Wednesday, November 21, 2007

Brown's Blunderbuss Blows Up


Those HMRC staff cuts

Yes, Bottler can blame the junior official who downloaded the data and sent the discs through the ordinary mail. But come on. How on earth was it possible for him to do it? What's to stop one of those illegal immigrant types getting a job round at HMRC and just helping himself? How do we know it hasn't happened already? The entire set-up is a shambolic disgrace.

And from what we know so far, it looks like a major factor was the impact of staff cuts. As HMRC's Annual Report shows, since 2003-04, the department has cut over 10,000 staff (net, full-time equivalent), with a further 2,500 going this year.

These cuts are part of the Gershon "efficiency" programme, very familiar to regular BOM readers, and the personal idea of one G Brown. It was his blunderbuss scheme to make government more cost effective by cutting spending and staff so as to "release resources for the frontline".

He launched it amid much fanfare in the 2004 Budget, with the following ambitious targets:


Right from the off, it was a classic top-down exercise visited on departments, with very little practical idea how the cuts could be achieved down at ground-level. So right from the off, departments used every trick in the Sir Humphrey playbook to deliver their targets without necessarily making real cuts. Which is why BOM has always been very sceptical about the overall savings (eg see this blog, and many others).

Since 2004, in every budget and pre-budget report, we've been given an update on supposed progress. By October this year, according to Darling's Pre-Budget (pre-aborted election) Statement, the Gershon programme had delivered "annual efficiency gains of over £20 billion... and is on track to deliver the goal of £21.5 billion by the end of March 2008". Moreover, there have been "gross reductions of over 79,000 civil service and administrative and support related military posts towards the target of 84,150, with over 13,000 of these reallocated to frontline roles" (para 3.28).

But according to the Public Accounts Committee, based on the most recent National Audit Office probe (see this blog), only one-quarter of the reported cuts are "reliable". By implication, the rest are a figment of the commissars' fertile imagination.

So on that basis, of the claimed £20bn savings, real savings are only about £5bn.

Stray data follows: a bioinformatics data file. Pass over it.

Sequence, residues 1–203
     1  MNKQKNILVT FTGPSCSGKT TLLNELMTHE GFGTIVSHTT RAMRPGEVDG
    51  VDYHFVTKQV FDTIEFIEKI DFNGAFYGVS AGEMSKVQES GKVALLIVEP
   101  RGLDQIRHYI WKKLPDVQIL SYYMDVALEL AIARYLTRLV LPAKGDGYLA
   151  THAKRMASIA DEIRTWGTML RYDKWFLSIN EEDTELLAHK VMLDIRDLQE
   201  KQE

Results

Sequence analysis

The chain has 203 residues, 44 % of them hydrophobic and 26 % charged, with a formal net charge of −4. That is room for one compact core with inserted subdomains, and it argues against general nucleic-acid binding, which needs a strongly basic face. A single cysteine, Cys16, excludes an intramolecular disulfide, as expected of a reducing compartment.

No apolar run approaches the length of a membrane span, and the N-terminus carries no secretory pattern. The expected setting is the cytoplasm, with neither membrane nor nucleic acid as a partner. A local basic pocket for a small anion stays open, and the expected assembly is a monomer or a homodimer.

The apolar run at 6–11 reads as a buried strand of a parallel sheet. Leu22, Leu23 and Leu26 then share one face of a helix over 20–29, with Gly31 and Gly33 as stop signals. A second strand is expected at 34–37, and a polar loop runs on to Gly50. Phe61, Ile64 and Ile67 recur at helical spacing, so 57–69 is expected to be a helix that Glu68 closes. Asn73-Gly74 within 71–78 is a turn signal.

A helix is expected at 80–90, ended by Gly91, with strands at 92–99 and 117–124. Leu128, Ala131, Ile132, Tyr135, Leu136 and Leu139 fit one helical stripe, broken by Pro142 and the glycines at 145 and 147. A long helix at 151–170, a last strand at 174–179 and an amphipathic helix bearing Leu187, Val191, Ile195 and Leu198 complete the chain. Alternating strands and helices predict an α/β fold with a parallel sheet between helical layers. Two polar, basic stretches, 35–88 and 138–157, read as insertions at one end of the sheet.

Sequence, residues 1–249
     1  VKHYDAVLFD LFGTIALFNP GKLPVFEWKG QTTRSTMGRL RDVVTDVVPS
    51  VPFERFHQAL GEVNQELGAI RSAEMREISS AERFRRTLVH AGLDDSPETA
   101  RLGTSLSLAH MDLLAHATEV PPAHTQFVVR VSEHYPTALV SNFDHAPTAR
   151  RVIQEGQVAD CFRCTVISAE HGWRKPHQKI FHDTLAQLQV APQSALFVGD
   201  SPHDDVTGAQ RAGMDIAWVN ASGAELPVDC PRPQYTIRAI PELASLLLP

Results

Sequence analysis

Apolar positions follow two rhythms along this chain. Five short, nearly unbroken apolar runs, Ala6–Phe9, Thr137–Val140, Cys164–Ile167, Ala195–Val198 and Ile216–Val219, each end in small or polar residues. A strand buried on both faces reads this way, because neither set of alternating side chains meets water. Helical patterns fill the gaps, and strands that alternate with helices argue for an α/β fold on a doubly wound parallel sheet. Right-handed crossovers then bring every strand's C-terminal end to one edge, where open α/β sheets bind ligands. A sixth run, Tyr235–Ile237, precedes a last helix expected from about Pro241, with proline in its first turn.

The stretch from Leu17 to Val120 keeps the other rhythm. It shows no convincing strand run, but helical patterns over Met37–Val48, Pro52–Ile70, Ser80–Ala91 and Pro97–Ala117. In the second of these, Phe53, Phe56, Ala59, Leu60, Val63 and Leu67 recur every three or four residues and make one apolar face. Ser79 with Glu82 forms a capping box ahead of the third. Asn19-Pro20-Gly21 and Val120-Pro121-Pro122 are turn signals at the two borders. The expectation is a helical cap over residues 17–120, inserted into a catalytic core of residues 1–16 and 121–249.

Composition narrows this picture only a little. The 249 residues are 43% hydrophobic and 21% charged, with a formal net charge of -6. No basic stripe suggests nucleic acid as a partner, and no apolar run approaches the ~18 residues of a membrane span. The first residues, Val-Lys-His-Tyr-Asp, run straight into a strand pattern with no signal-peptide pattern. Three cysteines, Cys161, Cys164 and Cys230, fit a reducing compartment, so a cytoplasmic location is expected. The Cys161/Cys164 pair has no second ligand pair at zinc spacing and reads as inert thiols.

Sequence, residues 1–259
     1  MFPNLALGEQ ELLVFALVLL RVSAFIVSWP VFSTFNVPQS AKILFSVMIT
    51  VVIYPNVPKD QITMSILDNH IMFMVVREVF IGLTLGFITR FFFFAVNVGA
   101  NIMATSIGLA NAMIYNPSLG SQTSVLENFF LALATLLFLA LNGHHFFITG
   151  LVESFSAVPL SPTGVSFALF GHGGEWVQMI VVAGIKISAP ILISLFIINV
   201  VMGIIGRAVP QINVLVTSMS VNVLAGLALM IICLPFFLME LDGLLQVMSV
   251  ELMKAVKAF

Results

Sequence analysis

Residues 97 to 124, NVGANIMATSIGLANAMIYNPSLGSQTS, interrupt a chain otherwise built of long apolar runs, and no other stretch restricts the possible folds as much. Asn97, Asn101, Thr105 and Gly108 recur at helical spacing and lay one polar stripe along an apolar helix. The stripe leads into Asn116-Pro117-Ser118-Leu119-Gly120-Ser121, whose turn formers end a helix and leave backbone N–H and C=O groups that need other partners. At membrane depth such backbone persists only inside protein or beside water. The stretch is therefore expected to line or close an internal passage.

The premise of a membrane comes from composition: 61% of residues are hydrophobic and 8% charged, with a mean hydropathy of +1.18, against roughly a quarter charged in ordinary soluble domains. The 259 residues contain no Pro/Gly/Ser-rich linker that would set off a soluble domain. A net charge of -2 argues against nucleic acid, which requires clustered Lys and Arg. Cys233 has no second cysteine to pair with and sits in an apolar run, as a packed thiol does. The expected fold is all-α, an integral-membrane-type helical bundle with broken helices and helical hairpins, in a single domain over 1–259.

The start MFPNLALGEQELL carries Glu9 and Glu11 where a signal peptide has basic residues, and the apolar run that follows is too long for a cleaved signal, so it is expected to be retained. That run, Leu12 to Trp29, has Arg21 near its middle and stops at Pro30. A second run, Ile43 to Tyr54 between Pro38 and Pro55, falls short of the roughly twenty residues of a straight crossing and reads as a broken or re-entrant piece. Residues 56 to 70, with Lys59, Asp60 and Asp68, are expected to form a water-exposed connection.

But even those "savings" have come at a considerable cost in terms of service quality. For example, the PAC found that "savings" at the Department for Work and Pensions had increased the average time taken to process Jobseeker’s Allowance claims from 11 days to 16 days. And the Department of Health, while reporting over £1 billion of efficiency gains from reducing the average length of time patients stay in hospital, had taken no account the fact that emergency readmissions had risen consistently.

The very worst cases have been where cuts have been imposed in areas already struggling with other changes.

For example, last year, we had the fiasco at the Rural Payments Agency (eg see this blog). There, a quango was attempting to develop and implement a brand new, highly complex, and IT-intensive farm payments system, at the same time as Gershon cutting 45% of its staff (see this blog). The combined effect was disastrous. RPA staff were reorganised into specialisms, rather than the previous "case-working" structure, because that seemed to be more efficient. But it meant that there was no fallback when the new IT systems failed. The old experience and knowledge had simply been discarded.

And taxpayers had to pick up a big tab to put things right- around £0.6bn, including a £436m fine from the EU for failing to meet their deadline (see this blog). In other words, the Gershon "savings" ended up costing us money.

And now we have HMRC.

As we blogged yesterday, the problem goes beyond a simple matter of staff cuts. Just like at the RPA, there are also new IT systems, and there are new "lean production" work patterns being imposed- less case working, and more specialisation (aka dumbed down production line jobs). It's a toxic combination, and staff morale is rock bottom.

Now, as taxpayers, we naturally applaud any sensible moves to make government more efficient. But imposing arbitrary staff cuts ahead of securing the IT systems required to support them is a recipe for disaster. And a shortcut to even higher costs.

Let's just think the unthinkable. Let's suppose these data discs have fallen into criminal hands. What will it cost us?

The going rate for bank account details on the international crime market is reportedly around £200 each. We don't know how many of these lost 25m records include bank accounts, but given what we do know, 5-10m seems a reasonable guess. Which means the black market value of these two discs is an extraordinary £1bn - £2bn.

But if their black market value is £1-2bn, you have to believe the likely loss from bank accounts is a multiple of that. We have no idea what multiple, but five-times is as good a guess as any other. Which means a bill of £5-10bn. A ten-times multiple means £10-20bn.

And who do you think will pay? It won't be the banks, despite the impression Bottler and Darling have sought to give. It will be us taxpayers.

And the cost doesn't end there. Everyone will need a new bank account (if you've been claiming Child Benefit in the last five years and haven't switched yet, do it tomorrow). Everyone may need a new National Insurance number. And for the next 18 years children hitting 18 will need to check their credit records to make sure someone isn't applying for credit in their name.

And we taxpayers will have to make good all the losses.

You know, it may be time we stopped politicos playing with blunderbusses altogether.

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